It was at a Council for National Policy meeting back in September that the Goldilocks brigade of the Religious Right, led by Focus on the Family founder James Dobson, threatened to break away from the Republican Party if Rudy Giuliani won the nomination. And the CNP meeting in March was one of John McCain’s first stops after securing the GOP mantle—continuing his pandering to the fringe.
Now, Warren Cole Smith of the conservative-Christian World magazine relates a tense scene from the CNP meeting:
Michael Farris of the Home School Legal Defense Association, an early supporter of Arkansas Gov. Mike Huckabee, chided the group for cold-shouldering his candidate until it was too late. Others, including Tony Perkins of the Family Research Council, disagreed. The meeting quickly threatened to dissolve into accusations, rebuttals, and recriminations.
Then, venerable Paul Weyrich—a founder of the Heritage Foundation, the Moral Majority, and the Council for National Policy (CNP)—raised his hand to speak. Weyrich is a man whose mortality is plain to see. A freak accident several years ago left him with a spinal injury, which ultimately led to both his legs being amputated in 2005. He now gets around in a motorized wheelchair. He is visibly paler and grayer than he was just a few years ago, a fact not lost on many of his friends in the room, some of whom had fought in the political trenches with him since the 1960s.
The room—which had been taken over by argument and side-conversations—became suddenly quiet. Weyrich, a Romney supporter and one of those Farris had chastised for not supporting Huckabee, steered his wheelchair to the front of the room and slowly turned to face his compatriots. In a voice barely above a whisper, he said, “Friends, before all of you and before almighty God, I want to say I was wrong.”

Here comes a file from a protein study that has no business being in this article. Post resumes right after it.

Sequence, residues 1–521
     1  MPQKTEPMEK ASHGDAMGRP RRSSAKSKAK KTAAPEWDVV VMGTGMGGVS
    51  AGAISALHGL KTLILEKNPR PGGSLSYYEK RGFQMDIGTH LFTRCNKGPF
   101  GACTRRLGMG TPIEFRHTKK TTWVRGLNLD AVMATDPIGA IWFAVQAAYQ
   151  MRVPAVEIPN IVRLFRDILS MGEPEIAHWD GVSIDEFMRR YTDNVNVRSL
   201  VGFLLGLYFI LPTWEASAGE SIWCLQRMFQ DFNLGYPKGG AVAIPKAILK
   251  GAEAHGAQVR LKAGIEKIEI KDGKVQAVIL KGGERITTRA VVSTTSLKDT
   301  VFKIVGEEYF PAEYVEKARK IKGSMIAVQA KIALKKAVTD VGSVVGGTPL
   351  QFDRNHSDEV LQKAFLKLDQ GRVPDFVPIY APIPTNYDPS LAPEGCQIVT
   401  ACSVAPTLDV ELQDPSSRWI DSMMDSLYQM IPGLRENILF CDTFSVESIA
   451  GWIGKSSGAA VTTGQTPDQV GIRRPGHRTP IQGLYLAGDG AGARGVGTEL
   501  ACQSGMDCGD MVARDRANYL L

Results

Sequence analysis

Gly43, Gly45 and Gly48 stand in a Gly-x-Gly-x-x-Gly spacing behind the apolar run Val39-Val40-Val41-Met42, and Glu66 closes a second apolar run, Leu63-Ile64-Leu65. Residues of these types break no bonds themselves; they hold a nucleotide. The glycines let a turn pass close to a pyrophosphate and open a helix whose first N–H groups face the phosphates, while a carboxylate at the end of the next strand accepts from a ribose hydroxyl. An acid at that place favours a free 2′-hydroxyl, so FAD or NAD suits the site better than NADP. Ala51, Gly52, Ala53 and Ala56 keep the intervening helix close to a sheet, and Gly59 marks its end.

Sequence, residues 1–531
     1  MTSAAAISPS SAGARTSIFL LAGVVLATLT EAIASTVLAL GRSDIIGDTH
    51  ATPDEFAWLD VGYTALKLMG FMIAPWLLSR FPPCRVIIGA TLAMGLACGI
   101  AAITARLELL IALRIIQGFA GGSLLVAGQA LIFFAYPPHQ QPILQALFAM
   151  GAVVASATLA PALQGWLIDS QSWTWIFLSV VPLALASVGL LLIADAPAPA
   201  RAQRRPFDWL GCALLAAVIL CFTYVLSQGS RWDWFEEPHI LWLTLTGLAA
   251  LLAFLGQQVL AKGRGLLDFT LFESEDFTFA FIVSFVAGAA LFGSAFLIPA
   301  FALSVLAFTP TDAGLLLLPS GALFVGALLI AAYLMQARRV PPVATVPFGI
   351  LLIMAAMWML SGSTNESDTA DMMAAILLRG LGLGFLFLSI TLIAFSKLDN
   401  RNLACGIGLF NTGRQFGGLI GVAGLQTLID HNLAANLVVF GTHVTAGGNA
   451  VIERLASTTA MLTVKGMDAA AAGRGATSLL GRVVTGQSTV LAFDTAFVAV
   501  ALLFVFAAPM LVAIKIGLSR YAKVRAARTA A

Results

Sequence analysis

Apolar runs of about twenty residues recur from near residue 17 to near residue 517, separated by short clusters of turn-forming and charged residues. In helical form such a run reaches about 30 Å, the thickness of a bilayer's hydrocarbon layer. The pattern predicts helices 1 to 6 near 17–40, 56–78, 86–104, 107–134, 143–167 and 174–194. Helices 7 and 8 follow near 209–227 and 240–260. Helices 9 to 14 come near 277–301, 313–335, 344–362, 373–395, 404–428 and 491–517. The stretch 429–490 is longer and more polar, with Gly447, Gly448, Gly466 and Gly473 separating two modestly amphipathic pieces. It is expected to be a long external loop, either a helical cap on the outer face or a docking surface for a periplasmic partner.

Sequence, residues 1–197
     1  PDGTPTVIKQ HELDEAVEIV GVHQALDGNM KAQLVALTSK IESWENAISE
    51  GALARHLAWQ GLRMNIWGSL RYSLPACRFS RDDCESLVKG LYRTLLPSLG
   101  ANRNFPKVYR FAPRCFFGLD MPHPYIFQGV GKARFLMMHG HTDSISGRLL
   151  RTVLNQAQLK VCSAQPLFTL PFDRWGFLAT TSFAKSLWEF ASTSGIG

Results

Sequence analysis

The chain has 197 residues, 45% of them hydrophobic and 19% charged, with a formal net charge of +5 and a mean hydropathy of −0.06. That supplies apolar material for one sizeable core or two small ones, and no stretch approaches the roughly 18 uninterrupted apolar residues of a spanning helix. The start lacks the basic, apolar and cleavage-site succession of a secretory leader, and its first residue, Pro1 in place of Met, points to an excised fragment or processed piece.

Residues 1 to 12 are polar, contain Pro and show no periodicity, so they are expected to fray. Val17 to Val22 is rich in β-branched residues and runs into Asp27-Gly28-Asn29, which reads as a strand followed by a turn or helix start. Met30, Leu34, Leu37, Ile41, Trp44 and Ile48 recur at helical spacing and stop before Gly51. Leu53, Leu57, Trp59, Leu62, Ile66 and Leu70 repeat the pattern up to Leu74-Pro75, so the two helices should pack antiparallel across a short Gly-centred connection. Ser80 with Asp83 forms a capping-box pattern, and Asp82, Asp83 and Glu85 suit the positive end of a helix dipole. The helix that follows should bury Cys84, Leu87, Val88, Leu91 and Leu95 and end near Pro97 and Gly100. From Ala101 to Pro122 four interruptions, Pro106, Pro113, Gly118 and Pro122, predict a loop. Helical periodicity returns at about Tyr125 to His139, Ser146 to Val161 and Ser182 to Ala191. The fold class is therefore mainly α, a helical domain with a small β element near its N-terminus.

In a quiet, brief, but passionate speech, Weyrich essentially confessed that he and the other leaders should have backed Huckabee, a candidate who shared their values more fully than any other candidate in a generation. He agreed with Farris that many conservative leaders had blown it. By chasing other candidates with greater visibility, they failed to see what many of their supporters in the trenches saw clearly: Huckabee was their guy.
Weyrich (much to Janet Folger’s delight) essentially validated Huckabee’s constant complaint about religious-right leaders not supporting one of their own. But with Huckabee gone, these activists (like Folger) appear ready to settle for McCain, at least for the sake of the Supreme Court, as Ohio activist Phil Burress put it:
With the election now just over six months away, he told the New Orleans gathering, “McCain wasn’t my first choice, and I’m not sure about him now, but we’ve got a zero chance of getting a conservative Supreme Court justice out of either Clinton or Obama. I don’t know whether we’ve got a 25 percent chance, or a 50 percent chance, or a 100 percent chance with McCain—but it’s better than zero, and I’m going to do everything in my power to help get him elected. He’s our best shot.”
And what about Dobson, who led the bluff about abandoning the GOP, and whom McCain called an “agent of intolerance” back in 2000? Like the others, Dobson kept his distance from Huckabee, only endorsing the former Arkansas governor when it was basically too late—while reiterating that he would never vote for McCain.
Now Dobson—who voted for a third-party candidate rather than Republican Bob Dole in 1996—is apparently opening the door for McCain. “I will certainly vote,” he told Fox News host Sean Hannity.
“I think we have a God-given responsibility to vote, and there are all of the candidates and the issues down the ballot that we have an obligation to weigh in on and let our voices be heard.”
Dr. Dobson, speaking as a private citizen and not as a representative of Focus on the Family, as he always does when discussing political candidates, added that he “has problems” with all three major presidential contenders, especially the Democrats.
What’s the price? Dobson wants McCain to change his position on embryonic stem-cell research. “[Y]ou can’t really call yourself pro-life if you’re in favor of killing those babies,” he said. After McCain’s years-long courtship of the Religious Right, that doesn’t seem like much more to ask.